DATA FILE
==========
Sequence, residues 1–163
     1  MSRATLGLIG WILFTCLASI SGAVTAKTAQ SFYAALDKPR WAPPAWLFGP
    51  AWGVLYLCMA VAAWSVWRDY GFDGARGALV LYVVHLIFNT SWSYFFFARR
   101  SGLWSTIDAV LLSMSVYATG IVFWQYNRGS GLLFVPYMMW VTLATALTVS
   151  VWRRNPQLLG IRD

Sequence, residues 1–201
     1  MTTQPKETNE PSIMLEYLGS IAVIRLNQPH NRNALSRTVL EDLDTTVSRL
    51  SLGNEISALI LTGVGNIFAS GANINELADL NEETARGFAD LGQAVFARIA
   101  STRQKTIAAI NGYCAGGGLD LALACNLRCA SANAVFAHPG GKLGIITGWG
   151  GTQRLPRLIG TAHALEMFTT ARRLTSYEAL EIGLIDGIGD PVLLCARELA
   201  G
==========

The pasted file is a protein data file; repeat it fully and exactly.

Sequence, residues 1–163
     1  MSRATLGLIG WILFTCLASI SGAVTAKTAQ SFYAALDKPR WAPPAWLFGP
    51  AWGVLYLCMA VAAWSVWRDY GFDGARGALV LYVVHLIFNT SWSYFFFARR
   101  SGLWSTIDAV LLSMSVYATG IVFWQYNRGS GLLFVPYMMW VTLATALTVS
   151  VWRRNPQLLG IRD

Sequence, residues 1–201
     1  MTTQPKETNE PSIMLEYLGS IAVIRLNQPH NRNALSRTVL EDLDTTVSRL
    51  SLGNEISALI LTGVGNIFAS GANINELADL NEETARGFAD LGQAVFARIA
   101  STRQKTIAAI NGYCAGGGLD LALACNLRCA SANAVFAHPG GKLGIITGWG
   151  GTQRLPRLIG TAHALEMFTT ARRLTSYEAL EIGLIDGIGD PVLLCARELA
   201  G